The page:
What does the “pur” in Purim really mean?
Soon we will bake hamentaschen, dress up in costume, and read the Book of Esther (“The Megillah”) to celebrate the joyous holiday of Purim. According to verse 9:26 of that very book, we get the name “Purim” from the pur that was cast: “Therefore, they called these days `Purim’ after `pur.'” But while purim is the Hebrew plural of pur, pur itself is not a Hebrew word. For this reason, twice before in Esther, when pur is mentioned, we are told, “…pur, that is, the goral.” So a pur is a goral, but what is a goral?
In all likelihood, goral originally referred to a bunch of small pebbles or similar objects used to make decisions by chance: they would be cast down on the ground or put in a vessel of some sort, from which one would be drawn at random. (A similar practice, in which stones were placed in a helmet, is clearly documented from Homeric Greece. The Greek verb for casting these objects was ballo, from which we get our English word “ballot.”)
For example, in Leviticus 16, Aaron takes “two goats,” “a goral for God” and a “goral for Azazel.” Then the goat that God’s goral lands on is God’s goat, and the goat that Azazel’s goral lands on is Azazel’s goat; this latter goat is sent “to Azazel” in atonement. (Based on an ancient misunderstanding of the Hebrew “to Azazel,” a 1530 translation reads “to scape” instead of “to Azazel,” giving us the English phrase “scapegoat.”)
Other examples include Nehemiah (10:35): “we have cast the gorals to see who shall bring the wood offering.” In Psalms (22:17), the Psalmist laments that “they divvy up my clothes, casting a goral for my garments.” In Numbers 26, God tells Moses to divide up the land by goral. Joshua, too, draws a goral and uses it to apportion the land among the Israelites.
Goral later progressed to mean not only the item which was cast, but also that to which the victor was due. (And because real-estate was so often allocated by goral, goral also meant “real-estate” in particular.) In the meantime, presumably on the assumption that destiny or fate had something to do with who won, goral began to mean “destiny,” as well.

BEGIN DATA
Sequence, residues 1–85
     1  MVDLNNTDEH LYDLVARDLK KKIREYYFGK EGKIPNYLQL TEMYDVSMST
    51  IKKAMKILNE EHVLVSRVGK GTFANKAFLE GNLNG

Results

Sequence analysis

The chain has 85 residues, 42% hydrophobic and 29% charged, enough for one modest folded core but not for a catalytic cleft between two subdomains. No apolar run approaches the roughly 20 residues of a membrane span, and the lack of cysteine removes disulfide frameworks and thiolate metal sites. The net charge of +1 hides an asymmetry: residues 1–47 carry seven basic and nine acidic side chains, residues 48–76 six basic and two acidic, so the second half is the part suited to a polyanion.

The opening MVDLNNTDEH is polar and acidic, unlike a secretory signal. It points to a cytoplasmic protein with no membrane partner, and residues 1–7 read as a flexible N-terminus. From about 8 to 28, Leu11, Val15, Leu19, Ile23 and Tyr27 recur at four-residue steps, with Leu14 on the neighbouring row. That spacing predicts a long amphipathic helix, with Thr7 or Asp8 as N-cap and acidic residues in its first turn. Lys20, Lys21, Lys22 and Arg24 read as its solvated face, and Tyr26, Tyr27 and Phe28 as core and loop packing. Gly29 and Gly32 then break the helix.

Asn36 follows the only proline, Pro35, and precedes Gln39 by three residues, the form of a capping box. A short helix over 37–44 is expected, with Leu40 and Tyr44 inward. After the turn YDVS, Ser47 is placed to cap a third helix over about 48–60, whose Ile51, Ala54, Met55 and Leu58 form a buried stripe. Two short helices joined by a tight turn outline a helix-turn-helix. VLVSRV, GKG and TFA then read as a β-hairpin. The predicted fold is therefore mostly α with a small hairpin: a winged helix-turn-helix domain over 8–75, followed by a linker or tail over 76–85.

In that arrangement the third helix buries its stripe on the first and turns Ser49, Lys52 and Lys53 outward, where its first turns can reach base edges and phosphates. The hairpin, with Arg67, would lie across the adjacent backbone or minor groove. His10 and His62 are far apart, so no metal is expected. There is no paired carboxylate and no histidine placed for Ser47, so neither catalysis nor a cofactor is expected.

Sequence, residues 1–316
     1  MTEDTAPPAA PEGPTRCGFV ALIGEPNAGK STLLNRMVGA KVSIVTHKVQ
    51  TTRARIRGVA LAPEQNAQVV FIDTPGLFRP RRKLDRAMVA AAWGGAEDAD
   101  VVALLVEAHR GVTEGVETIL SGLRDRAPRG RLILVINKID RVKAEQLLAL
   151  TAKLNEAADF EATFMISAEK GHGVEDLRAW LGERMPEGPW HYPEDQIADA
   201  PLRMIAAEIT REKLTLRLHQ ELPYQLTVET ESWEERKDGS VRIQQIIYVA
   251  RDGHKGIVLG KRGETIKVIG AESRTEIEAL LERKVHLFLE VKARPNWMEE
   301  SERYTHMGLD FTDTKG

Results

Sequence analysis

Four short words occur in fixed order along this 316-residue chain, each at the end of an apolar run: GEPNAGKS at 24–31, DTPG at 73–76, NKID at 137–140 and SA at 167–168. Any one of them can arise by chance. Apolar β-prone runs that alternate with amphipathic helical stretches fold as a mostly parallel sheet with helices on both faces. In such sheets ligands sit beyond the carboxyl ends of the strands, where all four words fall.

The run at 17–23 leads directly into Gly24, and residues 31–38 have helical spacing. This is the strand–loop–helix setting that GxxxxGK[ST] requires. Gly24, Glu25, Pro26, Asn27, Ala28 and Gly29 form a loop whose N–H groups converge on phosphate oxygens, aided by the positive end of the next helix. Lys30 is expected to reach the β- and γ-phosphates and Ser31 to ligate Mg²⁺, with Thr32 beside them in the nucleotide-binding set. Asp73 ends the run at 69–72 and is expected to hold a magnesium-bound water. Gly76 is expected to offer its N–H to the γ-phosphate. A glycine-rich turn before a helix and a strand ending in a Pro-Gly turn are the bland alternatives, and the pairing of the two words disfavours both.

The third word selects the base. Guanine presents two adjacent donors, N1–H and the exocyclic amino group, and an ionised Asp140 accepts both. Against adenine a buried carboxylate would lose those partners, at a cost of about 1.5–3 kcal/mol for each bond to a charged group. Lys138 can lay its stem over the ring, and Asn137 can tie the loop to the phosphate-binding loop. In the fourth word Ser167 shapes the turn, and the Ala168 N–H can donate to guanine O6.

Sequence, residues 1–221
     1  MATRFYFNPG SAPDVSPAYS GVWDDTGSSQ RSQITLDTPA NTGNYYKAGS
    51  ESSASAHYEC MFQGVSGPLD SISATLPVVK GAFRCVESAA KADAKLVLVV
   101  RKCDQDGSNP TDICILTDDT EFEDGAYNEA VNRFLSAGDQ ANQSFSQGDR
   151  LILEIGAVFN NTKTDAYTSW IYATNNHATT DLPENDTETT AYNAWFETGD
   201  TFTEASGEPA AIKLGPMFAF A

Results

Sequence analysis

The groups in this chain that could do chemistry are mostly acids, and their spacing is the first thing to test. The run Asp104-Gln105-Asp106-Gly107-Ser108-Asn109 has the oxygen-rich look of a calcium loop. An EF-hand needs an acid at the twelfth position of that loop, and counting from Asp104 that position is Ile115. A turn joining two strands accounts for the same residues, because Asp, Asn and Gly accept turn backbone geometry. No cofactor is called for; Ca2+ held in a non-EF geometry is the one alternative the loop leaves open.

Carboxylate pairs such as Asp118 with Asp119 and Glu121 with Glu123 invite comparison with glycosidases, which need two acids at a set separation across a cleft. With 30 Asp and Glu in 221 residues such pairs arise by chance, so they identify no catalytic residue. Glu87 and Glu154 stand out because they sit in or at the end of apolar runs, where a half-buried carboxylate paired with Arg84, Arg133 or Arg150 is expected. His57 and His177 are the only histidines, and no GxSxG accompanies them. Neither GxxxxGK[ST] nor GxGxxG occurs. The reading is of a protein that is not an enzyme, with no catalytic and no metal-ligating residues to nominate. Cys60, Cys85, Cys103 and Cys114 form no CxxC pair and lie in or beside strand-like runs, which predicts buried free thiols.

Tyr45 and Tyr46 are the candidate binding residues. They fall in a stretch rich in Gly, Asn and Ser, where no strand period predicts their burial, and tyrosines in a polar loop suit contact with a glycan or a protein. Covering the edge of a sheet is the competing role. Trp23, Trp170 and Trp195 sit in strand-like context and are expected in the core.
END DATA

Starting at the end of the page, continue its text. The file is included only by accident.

The English word “lot” followed exactly the same path, meaning at first a small (usually wooden) object used to make random decisions (as in “draw lots”) and then both what one received (for example, a “lot of land”) and what one is destined to receive (as in one’s “lot in life.”)
Up to this point in the story, a Hebrew goral is exactly an English “lot.”
But the authors of the Dead Sea Scrolls frequently mention goral, using it to mean “group of people” or “followers.”
In “The Rule of the Community,” a document (technically referred to as “1QS”) that describes all aspects of life in the Qumran sect, God has a goral and Belial (God’s Qumranic foe) has a goral. The priests bless those in God’s goral with a version of the priestly benediction, whereas the Levites curse those in Belial’s goral (1QS 2:2-5).
The War Scroll (“1QM”), which describes the final battle between the forces of good (“light”) and the forces of evil (“darkness”) before the “end of days,” begins with the prediction that the first attack by the sons of light will be against the goral of the sons of darkness.
If this usage of goral is akin to the English expression “to throw one’s lot in with,” God’s goral are the people who chose God, not the people that God chose.
As for pur, the word probably comes from Akkadian, which has a root pur that means “real-estate lot,” and a similar-sounding root meaning “vessel.” Perhaps Akkadian real-estate lots, too, were allocated by drawing lots. (Ibn Ezra thought the word might be Persian, but while Persian has a word pur, it means “son.”)
By curious chance, the word pur, if it were Hebrew, would have to have come from the Hebrew root p.r.r, which means “to break into crumbs.” And so in addition to reflecting our choice in God and our ancient good fortune, our early-spring holiday’s name indirectly reflects the hamentaschen we use to celebrate it.
Which in the case of Purim is just the way the cookie crumbles.